CHICAGO - A rapidly spreading flu outbreak may quickly overload a U.S. health system already straining from hospital closures, cuts in public health funding, a nursing shortage and too many uninsured patients, health experts said on Friday.
They said the threat of a flu pandemic caused by an unusual new strain of the H1N1 influenza virus has shone a bright light on what may see as a broken U.S. health system.
"I don't think we are anywhere near ready" for a pandemic, said Deborah Burger of the California Nurses Association in a telephone interview. "We've already been behind the eight-ball. Patients have been delaying their care and treatment because of the economy," Burger said.
"They've had major losses of healthcare benefits and job losses, so they are not being able to afford the medicines they would normally be taking, let alone being able to have access to any of the kind of healthcare for this possible pandemic."
The country's most severe recession in a generation has cost more than 5 million jobs since it began in late 2007, and an estimated 46 million Americans already lacked health insurance.
Burger said she is worried about "massive slashes" in public health care funding, including $870 million slated for flu preparedness that was removed from the economic stimulus bill.
This week President Barack Obama asked Congress for another $1.5 billion for pandemic preparedness. Such spending often benefits the public health infrastructure and several studies show where it may be needed.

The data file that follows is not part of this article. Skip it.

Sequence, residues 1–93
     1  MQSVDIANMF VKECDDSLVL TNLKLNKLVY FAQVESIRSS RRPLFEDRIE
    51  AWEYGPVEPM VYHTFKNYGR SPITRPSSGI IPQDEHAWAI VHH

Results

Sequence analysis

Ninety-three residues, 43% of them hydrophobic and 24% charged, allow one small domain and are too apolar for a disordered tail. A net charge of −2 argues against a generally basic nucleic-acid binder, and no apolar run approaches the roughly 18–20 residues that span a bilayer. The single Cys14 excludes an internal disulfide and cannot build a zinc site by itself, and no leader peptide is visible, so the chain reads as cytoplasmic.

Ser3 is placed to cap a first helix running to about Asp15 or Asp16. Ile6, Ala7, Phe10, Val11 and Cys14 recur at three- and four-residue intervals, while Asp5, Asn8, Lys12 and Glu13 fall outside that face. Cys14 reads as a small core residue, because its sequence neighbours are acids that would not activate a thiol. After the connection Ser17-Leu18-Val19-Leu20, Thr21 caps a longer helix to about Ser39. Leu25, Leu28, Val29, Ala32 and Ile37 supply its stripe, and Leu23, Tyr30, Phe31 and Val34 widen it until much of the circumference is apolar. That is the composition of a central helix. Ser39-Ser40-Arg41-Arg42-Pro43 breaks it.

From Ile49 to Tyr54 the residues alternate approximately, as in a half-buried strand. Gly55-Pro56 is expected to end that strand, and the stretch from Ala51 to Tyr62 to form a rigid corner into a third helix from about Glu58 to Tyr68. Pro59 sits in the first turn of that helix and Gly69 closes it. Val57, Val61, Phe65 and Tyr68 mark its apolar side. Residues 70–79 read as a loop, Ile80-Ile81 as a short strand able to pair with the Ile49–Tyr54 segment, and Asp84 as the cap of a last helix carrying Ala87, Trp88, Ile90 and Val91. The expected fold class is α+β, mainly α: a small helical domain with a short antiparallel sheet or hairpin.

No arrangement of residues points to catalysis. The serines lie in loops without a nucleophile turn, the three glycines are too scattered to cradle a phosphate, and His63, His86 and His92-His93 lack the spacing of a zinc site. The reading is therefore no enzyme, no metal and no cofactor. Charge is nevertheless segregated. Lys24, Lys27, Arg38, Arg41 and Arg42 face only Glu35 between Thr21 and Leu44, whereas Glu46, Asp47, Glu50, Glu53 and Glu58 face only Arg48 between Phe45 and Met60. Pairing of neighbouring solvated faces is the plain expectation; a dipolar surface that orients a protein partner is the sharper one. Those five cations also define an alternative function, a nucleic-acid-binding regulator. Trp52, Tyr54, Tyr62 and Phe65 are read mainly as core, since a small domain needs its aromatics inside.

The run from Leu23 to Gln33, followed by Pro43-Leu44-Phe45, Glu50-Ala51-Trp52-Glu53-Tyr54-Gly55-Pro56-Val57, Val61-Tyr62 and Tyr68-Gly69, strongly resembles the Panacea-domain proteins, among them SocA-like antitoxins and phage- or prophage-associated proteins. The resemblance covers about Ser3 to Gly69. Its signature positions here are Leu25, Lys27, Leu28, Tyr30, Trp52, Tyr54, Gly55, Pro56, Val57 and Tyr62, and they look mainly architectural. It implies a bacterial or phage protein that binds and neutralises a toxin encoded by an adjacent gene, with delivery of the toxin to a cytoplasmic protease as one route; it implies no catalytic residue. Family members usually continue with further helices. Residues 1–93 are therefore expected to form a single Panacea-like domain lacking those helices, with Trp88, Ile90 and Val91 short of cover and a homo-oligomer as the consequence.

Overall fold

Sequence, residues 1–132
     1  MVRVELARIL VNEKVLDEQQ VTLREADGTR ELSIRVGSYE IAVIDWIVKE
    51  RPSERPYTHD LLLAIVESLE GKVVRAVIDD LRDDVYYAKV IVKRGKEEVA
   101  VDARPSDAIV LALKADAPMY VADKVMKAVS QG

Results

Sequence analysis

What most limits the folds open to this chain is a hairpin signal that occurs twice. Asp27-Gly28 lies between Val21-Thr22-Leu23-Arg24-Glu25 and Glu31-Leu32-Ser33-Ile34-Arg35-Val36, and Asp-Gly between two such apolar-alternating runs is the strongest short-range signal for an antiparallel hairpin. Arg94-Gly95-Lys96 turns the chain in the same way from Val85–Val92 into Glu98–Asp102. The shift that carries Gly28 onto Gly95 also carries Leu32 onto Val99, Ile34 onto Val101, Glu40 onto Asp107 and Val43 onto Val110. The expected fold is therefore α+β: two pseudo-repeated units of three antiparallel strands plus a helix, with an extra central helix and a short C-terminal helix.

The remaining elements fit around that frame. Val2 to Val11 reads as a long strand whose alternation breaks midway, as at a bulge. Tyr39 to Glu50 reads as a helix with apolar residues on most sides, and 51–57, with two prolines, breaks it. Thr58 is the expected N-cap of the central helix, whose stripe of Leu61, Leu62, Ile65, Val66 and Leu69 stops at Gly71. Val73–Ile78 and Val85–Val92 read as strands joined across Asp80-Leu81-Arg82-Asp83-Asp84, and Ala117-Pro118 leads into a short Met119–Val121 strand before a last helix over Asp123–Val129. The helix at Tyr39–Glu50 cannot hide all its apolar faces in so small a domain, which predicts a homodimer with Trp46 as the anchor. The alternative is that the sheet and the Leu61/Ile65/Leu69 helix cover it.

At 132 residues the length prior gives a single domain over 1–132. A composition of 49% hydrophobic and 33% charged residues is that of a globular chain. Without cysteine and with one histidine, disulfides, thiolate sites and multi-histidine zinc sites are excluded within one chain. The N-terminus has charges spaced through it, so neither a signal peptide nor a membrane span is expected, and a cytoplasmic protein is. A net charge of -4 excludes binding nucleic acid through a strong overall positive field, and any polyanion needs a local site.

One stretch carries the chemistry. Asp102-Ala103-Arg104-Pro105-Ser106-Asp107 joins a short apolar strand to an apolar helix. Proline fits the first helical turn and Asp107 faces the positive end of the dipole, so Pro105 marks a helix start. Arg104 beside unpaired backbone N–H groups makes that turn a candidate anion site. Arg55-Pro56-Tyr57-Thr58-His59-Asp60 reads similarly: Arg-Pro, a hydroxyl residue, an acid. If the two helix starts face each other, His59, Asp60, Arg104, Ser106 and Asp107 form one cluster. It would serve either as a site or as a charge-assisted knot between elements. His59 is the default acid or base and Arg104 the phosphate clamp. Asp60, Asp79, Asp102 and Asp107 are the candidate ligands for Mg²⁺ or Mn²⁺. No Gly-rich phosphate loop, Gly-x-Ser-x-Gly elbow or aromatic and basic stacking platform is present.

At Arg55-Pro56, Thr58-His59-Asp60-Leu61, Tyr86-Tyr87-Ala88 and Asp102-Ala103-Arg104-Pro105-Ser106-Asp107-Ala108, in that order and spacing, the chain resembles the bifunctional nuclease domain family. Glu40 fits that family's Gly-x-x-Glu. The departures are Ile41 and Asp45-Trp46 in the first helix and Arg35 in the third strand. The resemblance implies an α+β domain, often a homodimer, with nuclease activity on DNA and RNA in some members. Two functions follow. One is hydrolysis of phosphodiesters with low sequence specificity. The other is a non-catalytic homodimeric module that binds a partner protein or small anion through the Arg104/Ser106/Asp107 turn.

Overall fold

A recent survey by the Association of State and Territorial Health Officials found at least 40 percent of state health departments expect to lose staff through layoffs or attrition this year.
"What we're concerned about is the public health clinics," Bruger said. "The most likely people to be affected by this (flu) are low wage earner workers that have to depend on the public health system to get their care," she added.
"We're also concerned about the emergency room aspect because of the capacity."
A survey this week by the American Hospital Association found that six out of 10 hospitals have more patients without insurance coming through their emergency departments.
Yet nearly half of hospitals reported they have cut staff.
"There is no question it comes at a bad time," Dr. Lynn Massingale, executive chairman of TeamHealth, which supplies emergency department physicians to some 300 U.S. hospitals, said in a telephone interview.
"Hospital emergency department visits have grown at a rate of 2 or 3 percent a year for the last 15 or 20 years," he said. "Almost all ERs are busy. They are strained financially."
He said many hospitals have been forced to close certain floors because there are not enough nurses to keep them open.
But the biggest threat in a pandemic would be health care workers who get sick or have to stay home to take care of family members. "That to us is the train wreck scenario," Massingale said.
Massingale said so far, emergency room doctors have not seen any evidence of the system failing. "But we are seeing some of those volumes starting to crank up and we'll know a lot more over the next two or three days."
(Editing by Maggie Fox and Jackie Frank)